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The Work and Recommendations of the Polish–Israeli Textbooks Committee


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In 1991 a cultural agreement was signed between Poland and Israel, one of whose resolutions was to establish national committees in both countries to examine history and geography textbooks and their treatment of the two nations, with the aim of rectifying mistakes that could lead to prejudices and distortions of the truth. Discusses the functioning of the committees between 1992-95. One prime area of concern dealt with by the scholars who examined the books was the indifference of the majority of Poles to the fate of the Jews in World War II. Topics suggested for inclusion in Polish history textbooks were the treatment of surviving Jews (e.g. the Kielce pogrom), the role of the Polish Catholic Church in spreading antisemitism, and continuing antisemitic stereotypes in a Poland largely without Jews. Members of the Polish committee raised questions about anti-Polish stereotypes in Israel (e.g. identifying Poles with Nazis) and faults in the program of Israeli student trips to Poland. The committees drafted recommendations for changes in the textbooks to further mutual understanding.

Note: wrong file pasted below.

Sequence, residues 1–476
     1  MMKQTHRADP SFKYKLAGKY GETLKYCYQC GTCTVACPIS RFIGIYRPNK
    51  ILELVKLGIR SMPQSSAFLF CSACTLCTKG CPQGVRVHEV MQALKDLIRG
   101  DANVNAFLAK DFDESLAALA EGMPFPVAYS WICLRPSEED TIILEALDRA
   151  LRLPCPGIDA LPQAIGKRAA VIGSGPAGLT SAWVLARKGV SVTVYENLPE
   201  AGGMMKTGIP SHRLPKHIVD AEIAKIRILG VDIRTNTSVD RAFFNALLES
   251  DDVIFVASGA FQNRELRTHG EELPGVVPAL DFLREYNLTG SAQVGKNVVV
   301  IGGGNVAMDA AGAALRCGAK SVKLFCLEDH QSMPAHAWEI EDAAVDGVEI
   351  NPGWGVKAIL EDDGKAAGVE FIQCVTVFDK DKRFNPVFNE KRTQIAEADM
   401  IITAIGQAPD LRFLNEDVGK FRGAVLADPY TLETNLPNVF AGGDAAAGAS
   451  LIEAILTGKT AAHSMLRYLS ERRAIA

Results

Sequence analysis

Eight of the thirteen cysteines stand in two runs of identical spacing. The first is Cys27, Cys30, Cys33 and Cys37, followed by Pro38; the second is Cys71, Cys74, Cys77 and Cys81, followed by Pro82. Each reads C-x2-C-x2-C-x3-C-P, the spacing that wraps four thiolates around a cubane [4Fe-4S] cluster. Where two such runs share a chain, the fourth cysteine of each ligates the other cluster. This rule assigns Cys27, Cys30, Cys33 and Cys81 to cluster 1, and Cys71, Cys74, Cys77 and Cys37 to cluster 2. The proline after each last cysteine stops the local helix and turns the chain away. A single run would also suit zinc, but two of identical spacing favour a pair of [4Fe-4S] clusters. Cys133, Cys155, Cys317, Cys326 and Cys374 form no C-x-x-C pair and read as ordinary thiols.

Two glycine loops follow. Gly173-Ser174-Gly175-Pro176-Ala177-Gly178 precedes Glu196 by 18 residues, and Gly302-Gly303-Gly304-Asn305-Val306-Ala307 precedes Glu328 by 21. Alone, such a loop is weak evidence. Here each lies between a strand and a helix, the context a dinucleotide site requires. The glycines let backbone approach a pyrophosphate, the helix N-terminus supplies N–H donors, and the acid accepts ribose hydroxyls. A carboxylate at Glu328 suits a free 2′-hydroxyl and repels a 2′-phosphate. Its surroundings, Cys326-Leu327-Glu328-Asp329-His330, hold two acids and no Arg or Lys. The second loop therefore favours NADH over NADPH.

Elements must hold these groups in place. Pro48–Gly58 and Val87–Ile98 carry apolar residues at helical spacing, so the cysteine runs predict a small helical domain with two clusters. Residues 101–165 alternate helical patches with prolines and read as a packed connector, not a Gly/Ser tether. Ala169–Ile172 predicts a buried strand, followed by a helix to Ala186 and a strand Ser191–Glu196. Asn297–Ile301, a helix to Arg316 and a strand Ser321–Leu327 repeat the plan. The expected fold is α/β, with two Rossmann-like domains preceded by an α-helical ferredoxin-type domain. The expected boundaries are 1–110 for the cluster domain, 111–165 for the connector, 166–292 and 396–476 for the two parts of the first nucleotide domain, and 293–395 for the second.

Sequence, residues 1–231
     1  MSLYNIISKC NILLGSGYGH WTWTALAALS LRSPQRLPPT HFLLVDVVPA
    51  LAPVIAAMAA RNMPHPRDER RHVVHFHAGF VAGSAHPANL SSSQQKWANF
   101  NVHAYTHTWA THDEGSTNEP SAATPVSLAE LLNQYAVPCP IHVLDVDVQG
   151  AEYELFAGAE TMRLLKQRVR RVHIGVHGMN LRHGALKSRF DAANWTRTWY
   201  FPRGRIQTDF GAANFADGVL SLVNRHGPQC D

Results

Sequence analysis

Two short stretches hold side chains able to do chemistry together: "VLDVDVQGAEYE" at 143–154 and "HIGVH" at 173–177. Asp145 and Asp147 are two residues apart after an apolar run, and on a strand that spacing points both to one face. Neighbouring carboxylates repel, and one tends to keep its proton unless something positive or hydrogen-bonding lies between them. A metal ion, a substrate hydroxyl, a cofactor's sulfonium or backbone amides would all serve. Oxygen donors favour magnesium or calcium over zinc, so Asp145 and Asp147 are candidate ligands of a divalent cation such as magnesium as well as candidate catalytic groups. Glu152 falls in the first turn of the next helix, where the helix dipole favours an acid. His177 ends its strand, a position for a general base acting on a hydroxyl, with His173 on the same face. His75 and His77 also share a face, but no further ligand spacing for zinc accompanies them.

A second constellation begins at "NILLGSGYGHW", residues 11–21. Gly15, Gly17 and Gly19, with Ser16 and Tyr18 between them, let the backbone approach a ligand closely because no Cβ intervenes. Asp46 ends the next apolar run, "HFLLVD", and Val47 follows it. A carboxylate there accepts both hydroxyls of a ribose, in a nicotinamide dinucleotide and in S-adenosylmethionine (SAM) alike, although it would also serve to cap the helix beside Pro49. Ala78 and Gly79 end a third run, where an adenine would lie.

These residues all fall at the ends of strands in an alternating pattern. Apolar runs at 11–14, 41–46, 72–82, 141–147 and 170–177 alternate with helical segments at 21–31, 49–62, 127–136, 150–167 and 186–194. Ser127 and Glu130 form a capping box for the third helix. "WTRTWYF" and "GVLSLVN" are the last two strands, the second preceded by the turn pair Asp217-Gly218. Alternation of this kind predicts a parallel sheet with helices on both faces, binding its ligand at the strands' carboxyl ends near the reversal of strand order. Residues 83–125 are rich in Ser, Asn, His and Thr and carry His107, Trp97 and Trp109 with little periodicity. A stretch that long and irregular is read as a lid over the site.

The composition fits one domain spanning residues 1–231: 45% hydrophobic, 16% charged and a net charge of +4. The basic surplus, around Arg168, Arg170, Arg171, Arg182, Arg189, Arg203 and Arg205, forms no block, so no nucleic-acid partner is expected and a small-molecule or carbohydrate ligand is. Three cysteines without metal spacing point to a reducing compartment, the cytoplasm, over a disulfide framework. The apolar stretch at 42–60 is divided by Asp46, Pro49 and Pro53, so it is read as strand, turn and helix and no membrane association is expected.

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Eden, Shevach The Work and Recommendations of the Polish–Israeli Textbooks Committee. POLIN: Studies in Polish Jewry. 2001: 306-314.  https://archive.jpr.org.uk/object-2328